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Subject: Mold on stone

Mold on stone

From: Linda S. Roundhill <artsconservation<-a>
Date: Friday, November 11, 2005
Robin Gerstad <robingerstad [at] conservationsolution__com> writes

>We have had some experience with a similar type of staining, a red
>stain, caused by a bacterium called micrococcus. The staining was a
>melanin-type substance secreted by the bacteria that becomes
>cross-linked to the stone matrix. It feeds on calcitic stones, and
>seems to thrive in warm humid environments. ...
>We tried a number of things to stop its propagation and remove the
>staining. D/2 was moderately successful at stopping it, calcium
>hypochlorite was more effective. ...
>But stopping it only succeeded in altering the color of the staining
>from red to brown. Nothing we tested was successful in removing the
>staining. I did some research into it, but have not had the
>opportunity to do any further testing. My research turned up a few
>articles, one of which
>    J. Delgado Rodrigues and Jesus Valero.
>    "A brief note on the elimination of dark stains of biological
>    origin", Studies in Conservation (2003) 48 pp 17-22
>described success with the use of poultices with Soluene. ...

Since Soluene was judged effective for a certain dark staining, I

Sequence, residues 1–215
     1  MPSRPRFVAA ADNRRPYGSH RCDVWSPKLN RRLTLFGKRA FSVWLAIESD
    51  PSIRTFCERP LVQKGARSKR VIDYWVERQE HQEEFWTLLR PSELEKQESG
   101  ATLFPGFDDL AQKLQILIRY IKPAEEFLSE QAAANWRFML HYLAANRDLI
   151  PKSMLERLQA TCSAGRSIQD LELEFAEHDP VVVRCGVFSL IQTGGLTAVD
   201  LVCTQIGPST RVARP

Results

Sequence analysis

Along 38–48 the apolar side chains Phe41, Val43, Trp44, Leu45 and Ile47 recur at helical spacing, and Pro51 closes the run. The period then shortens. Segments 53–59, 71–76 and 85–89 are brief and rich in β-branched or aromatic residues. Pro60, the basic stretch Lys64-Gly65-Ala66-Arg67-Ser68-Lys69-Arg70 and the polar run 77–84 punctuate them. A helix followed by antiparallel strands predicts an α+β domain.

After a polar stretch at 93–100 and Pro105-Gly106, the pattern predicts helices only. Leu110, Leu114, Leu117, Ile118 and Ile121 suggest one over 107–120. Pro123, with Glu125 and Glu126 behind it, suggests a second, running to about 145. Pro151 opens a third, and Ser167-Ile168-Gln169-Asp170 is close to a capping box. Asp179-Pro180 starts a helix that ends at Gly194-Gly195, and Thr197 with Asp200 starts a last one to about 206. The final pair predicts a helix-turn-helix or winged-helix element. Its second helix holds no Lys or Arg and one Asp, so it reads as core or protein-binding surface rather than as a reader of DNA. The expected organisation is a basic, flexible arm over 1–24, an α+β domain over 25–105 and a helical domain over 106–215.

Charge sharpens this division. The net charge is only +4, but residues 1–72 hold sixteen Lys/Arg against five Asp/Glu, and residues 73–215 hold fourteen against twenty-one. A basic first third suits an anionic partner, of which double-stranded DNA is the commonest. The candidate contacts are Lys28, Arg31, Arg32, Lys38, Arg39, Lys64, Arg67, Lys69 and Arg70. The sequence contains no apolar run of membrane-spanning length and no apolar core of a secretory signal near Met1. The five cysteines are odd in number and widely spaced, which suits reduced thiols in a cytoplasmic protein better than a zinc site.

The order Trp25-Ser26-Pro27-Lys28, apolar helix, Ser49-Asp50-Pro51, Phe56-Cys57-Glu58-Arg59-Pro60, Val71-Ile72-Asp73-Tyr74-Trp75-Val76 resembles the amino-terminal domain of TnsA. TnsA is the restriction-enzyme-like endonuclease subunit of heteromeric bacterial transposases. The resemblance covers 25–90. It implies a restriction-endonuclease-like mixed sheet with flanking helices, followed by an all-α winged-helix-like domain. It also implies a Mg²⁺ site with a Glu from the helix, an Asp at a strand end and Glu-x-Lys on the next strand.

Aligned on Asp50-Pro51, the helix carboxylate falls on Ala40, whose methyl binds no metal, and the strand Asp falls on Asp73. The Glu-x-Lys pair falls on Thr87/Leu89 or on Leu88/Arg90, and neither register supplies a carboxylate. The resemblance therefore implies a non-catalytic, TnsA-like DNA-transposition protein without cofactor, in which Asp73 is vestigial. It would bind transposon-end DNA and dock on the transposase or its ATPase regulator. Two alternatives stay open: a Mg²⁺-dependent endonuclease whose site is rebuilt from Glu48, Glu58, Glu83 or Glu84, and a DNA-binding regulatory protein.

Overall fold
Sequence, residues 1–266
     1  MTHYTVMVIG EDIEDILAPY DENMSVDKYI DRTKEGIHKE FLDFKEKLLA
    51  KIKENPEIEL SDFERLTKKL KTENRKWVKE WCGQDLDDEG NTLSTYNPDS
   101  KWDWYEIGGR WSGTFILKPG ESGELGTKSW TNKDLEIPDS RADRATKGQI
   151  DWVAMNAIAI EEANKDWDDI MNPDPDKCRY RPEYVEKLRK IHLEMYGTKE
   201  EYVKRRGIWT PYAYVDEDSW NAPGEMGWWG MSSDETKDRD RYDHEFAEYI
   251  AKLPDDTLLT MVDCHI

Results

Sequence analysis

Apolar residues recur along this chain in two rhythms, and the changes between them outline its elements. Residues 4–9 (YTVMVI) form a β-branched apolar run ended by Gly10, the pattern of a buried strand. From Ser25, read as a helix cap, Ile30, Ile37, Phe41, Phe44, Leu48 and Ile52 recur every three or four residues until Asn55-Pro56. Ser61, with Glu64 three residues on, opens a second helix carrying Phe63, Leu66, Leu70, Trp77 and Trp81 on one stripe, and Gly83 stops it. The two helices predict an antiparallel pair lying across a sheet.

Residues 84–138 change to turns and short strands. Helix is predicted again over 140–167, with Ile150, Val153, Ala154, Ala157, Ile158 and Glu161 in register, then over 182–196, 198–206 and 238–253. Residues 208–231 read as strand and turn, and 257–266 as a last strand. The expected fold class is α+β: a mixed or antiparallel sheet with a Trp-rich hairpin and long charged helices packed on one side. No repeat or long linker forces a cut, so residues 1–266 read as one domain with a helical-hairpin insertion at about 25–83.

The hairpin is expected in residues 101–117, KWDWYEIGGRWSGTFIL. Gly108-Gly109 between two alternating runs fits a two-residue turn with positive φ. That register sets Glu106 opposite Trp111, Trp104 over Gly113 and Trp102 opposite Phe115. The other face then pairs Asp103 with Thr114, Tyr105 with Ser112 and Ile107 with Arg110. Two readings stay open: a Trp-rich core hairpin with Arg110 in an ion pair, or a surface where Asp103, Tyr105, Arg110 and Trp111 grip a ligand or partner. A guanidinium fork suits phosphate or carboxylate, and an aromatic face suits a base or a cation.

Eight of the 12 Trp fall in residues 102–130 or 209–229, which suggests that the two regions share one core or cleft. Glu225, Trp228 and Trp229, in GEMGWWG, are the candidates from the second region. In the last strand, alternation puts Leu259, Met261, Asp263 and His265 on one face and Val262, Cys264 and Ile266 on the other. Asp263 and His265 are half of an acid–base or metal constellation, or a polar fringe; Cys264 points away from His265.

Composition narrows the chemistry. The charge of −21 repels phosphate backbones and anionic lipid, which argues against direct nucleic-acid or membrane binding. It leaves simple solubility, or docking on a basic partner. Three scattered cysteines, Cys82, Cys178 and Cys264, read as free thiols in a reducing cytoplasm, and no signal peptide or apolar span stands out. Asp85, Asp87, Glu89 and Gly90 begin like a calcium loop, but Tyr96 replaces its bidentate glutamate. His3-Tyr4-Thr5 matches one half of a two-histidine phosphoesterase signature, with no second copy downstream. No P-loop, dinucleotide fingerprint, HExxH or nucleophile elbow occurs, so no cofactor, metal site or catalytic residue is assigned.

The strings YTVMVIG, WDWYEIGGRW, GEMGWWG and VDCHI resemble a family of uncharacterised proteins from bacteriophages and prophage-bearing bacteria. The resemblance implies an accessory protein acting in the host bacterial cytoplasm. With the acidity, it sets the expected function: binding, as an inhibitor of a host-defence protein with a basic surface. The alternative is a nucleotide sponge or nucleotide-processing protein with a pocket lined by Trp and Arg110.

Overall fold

wonder if the mycelium are protected by a naturally produced waxy
substance that prevents normal agents from working.  If a solvent
normally used to dissolve waxes like VM&P naphtha or
trichloroethylene (also bad environmentally!) were used in a
poultice, followed by the regular stain removing procedures, like D2
and/or hydrogen peroxide, I wonder if the results would be better.
Just a thought to add to the possibilities.  I was under the
impression, though, that hypochlorites were not generally advisable
on stone.

Linda Roundhill
Art and Antiquities Conservation, L.L.C.
Woodinville, WA

                  Conservation DistList Instance 19:26
                Distributed: Saturday, November 19, 2005
                       Message Id: cdl-19-26-006
Received on Friday, 11 November, 2005

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